Year C Epiphany 3 Luke 4 Haiti
Haiti Earthquake
Job 1: 13-21

On Tuesday of this week just before sunset a powerful 7 magnitude earthquake rocked the island country of Haiti. You have seen the images of suffering and the aftermath on the internet and TV. There horrible irony is that this is considered by many to be the poorest country in the western hemisphere. They had no direction to go but up. And now this. Already at the bottom economically and now they have been shoved through the floor. As I watched TV, listened to radio, listened to people in our community, talked with children, attended prayer vigils, and met with other clergy, I have been struck by the questions: Why? Why do such things happen? How can there be such evil? Where is God? What can I do? How will they ever recover?

Questions are so hard to answer in tragic times. But we ask questions nonetheless. If you were to take a tour of the Bible you would find that one book has a more disproportionate number of questions than any other. Which book is that? It is the book of Job. Job has over 330 questions in its 42 chapters. The first book of the bible, Genesis, only has 160. Matthew, the first book of the New Testament has around 180. And that's odd because it seems that Jesus was asking questions every time he opened his mouth. Even the book of Psalms with its 150 chapters has only 160.

So why does the book of Job have so many more questions? There is a very simple reason. It is because the book of Job deals with a horrible tragedy.

Here is what happened. Job is a righteous man. Greater than all others. A hedge, a barrier, is set around him, his family, and his business. Suddenly, without warning, and for no reason other than his being blameless and upright, his family and business is wiped out. In the middle of the business of everyday life two rogue groups conduct a raid taking away Job's livestock and putting his servants to the sword. Then his family is lost in a freak accident when a mighty wind sweeps in from the desert, strikes the four corners of the house, collapses it, and all are lost.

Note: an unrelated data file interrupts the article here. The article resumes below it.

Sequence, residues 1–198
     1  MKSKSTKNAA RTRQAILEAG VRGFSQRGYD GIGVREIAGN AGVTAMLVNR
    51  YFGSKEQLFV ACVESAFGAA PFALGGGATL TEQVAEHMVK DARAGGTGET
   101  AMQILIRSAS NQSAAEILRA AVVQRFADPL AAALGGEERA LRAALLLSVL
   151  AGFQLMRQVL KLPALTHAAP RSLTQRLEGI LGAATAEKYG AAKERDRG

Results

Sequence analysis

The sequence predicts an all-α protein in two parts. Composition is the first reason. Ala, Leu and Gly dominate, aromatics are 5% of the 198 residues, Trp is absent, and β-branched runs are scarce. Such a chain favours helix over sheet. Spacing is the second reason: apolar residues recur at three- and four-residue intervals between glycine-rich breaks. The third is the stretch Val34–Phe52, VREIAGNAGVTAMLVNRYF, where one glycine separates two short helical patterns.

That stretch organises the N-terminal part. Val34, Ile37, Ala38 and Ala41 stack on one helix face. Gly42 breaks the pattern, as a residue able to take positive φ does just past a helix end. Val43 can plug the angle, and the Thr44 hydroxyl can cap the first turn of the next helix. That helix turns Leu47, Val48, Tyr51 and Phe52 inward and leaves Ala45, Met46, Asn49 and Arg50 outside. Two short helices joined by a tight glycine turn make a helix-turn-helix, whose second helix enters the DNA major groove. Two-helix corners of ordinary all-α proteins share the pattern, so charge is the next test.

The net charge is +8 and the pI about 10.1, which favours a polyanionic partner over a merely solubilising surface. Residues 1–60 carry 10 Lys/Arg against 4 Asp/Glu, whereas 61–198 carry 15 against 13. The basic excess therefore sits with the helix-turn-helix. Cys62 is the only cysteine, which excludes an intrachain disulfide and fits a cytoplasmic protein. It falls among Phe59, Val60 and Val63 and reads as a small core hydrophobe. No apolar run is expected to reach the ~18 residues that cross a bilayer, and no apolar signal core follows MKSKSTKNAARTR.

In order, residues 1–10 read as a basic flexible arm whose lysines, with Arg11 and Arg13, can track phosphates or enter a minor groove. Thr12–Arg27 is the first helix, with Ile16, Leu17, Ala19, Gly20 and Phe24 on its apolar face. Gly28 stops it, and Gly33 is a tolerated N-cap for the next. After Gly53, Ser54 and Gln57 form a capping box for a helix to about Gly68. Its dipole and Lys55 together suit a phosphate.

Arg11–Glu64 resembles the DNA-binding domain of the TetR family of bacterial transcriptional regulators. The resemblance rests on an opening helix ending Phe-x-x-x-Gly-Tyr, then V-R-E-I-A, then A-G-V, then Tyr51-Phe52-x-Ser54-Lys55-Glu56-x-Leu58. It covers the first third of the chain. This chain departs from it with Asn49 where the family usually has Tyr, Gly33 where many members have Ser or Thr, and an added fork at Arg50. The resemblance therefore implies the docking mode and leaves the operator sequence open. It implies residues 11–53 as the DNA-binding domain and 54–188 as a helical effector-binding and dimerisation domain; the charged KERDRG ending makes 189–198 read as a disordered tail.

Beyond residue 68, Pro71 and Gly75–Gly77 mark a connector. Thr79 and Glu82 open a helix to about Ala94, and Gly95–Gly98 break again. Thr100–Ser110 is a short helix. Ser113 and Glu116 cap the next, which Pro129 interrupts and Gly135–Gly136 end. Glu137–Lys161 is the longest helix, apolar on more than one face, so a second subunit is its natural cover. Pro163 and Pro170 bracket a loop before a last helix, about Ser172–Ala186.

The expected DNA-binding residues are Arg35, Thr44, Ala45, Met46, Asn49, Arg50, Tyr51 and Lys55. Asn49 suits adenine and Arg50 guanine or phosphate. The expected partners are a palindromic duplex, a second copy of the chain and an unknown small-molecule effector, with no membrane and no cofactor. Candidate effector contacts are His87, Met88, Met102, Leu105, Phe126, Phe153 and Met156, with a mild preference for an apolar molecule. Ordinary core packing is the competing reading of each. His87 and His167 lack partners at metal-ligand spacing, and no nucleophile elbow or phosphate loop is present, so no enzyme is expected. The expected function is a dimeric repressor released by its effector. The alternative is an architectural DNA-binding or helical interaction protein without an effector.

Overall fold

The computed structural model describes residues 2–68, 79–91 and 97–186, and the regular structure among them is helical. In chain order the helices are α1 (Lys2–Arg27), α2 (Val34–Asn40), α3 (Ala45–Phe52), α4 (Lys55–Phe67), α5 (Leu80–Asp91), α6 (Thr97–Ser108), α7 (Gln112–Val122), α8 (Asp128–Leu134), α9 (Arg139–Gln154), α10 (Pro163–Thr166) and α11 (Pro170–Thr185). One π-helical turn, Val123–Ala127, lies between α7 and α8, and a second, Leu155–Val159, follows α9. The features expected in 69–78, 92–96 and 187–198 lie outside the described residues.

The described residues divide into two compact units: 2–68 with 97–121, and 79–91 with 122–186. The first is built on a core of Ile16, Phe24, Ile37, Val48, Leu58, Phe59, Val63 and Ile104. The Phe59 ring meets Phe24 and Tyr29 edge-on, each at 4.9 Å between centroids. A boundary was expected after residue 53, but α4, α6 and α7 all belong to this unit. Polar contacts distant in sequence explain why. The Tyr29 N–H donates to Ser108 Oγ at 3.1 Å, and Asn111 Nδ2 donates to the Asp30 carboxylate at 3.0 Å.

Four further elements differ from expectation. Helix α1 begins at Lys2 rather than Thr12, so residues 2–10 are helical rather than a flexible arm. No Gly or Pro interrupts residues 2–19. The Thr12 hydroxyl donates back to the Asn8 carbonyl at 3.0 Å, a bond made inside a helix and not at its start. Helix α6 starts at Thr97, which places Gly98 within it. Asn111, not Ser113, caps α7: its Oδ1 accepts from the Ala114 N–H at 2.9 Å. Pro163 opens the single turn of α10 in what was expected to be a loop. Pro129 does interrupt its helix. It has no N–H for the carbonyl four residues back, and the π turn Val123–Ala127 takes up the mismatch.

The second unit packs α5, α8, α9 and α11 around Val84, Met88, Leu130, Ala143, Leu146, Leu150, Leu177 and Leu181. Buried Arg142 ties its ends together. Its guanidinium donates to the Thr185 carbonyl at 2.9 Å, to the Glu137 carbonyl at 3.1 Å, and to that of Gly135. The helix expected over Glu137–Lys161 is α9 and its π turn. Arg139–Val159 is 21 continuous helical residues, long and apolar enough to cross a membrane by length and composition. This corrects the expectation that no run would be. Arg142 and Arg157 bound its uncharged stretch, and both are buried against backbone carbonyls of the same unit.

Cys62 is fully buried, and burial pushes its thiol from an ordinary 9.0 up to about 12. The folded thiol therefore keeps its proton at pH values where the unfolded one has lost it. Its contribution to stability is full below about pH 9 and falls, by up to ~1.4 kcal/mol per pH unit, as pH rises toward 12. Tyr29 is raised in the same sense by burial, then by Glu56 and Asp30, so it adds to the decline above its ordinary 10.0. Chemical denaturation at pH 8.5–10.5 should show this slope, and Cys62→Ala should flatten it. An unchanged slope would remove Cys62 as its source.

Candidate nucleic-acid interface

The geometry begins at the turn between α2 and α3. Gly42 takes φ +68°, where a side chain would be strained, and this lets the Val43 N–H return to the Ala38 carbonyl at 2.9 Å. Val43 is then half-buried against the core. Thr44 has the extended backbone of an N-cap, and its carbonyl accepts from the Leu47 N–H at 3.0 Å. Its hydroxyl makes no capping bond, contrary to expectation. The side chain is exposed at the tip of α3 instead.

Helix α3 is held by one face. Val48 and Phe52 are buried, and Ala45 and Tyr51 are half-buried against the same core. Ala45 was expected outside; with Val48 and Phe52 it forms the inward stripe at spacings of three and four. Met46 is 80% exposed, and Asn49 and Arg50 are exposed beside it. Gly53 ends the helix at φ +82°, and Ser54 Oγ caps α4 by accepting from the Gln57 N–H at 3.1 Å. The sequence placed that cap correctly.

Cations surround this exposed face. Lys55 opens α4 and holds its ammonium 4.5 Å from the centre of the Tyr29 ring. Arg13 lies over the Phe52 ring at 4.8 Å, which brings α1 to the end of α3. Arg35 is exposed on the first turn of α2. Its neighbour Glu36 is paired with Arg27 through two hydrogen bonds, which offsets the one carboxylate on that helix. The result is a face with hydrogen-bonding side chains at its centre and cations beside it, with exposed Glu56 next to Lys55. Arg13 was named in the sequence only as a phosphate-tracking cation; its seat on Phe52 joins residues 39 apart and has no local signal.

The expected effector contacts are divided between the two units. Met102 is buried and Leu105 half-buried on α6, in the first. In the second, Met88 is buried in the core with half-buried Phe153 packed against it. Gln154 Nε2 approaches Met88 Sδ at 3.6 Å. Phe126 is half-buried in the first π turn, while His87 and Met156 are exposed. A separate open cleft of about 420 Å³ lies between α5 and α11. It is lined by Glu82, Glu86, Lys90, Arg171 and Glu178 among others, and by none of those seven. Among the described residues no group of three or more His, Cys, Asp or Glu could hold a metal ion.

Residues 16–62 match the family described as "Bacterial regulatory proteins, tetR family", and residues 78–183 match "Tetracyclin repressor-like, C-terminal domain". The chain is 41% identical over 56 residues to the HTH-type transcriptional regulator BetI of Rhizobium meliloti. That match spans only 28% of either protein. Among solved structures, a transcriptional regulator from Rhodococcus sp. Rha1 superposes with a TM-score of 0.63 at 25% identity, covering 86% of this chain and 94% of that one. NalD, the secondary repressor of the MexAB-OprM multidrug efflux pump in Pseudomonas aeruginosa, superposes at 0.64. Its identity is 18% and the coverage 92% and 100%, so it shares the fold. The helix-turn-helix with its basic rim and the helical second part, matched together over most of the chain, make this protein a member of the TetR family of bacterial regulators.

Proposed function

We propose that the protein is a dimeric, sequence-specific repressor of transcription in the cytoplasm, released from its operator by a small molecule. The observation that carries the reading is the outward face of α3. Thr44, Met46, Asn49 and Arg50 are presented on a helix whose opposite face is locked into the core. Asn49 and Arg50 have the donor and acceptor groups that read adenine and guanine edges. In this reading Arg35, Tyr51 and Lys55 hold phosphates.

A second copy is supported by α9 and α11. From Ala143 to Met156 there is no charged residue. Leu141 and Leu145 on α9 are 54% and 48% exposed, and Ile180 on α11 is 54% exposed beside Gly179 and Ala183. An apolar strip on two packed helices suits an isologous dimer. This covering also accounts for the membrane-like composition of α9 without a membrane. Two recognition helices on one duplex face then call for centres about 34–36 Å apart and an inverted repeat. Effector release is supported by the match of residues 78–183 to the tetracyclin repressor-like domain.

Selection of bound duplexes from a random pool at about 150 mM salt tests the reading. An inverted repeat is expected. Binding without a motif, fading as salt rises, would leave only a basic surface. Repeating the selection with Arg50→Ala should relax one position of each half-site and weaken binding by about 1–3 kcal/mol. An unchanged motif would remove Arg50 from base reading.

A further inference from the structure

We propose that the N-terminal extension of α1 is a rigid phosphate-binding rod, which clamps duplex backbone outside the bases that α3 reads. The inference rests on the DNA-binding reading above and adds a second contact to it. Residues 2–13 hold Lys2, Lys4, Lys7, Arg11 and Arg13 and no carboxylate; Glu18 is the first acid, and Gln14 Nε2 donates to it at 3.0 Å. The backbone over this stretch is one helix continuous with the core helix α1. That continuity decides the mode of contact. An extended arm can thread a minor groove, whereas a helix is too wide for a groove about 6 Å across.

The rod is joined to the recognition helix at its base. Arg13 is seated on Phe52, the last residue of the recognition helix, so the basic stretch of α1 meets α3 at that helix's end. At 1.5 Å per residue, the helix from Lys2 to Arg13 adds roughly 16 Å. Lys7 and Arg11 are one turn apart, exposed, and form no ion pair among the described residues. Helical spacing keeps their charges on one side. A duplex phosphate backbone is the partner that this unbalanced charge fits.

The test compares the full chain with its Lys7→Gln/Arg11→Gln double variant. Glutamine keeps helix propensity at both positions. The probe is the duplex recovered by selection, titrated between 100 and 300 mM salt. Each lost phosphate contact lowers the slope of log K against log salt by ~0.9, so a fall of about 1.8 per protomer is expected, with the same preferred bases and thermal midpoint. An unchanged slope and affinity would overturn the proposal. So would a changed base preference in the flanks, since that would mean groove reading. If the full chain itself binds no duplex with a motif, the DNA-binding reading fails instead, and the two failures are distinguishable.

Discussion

It was swift. It was unwarranted. It was unconscionable.

A very large hit and hit hard. In many ways the events of this past week seem eerily echoed in the story of Job. Why is there then such a similarity between the events of Job and the events of this past week? It is because, even though 4000 years separate the two events, life, and I mean the things that make life meaningful, have not changed at all. Not even over 4 millennia. We all must make a living. We all love our family. We all want security. We all want a home.


So what do we do in tragedy? We do what Job did when he learned of his loss.

We mourn. He was silent when he received the first two reports that his business and livestock had been wiped out. But when he received the news that his children were lost. He got up and tore his robe. Then, he feel on his knees and mourned: "Naked I came from my mother's womb, and naked I will return." In other words, everything that had meaning in his life was gone. As he came into this world so Job felt he was leaving it: Barren.

As the news poured in, I saw images of children lying in the streets all alone as crowds thronged past. Bodies lined up on side of the street: Dads, moms, grandparents, aunts, uncles, cousins, and friends. I have no doubt there is someone here this morning who knows somebody who has been to Haiti or lives there. The news has shown us their faces and told their stories and the mourning has rippled across the country. We mourn for every family lost. Every family torn apart. We weep for Haiti. We mourn because of their loss...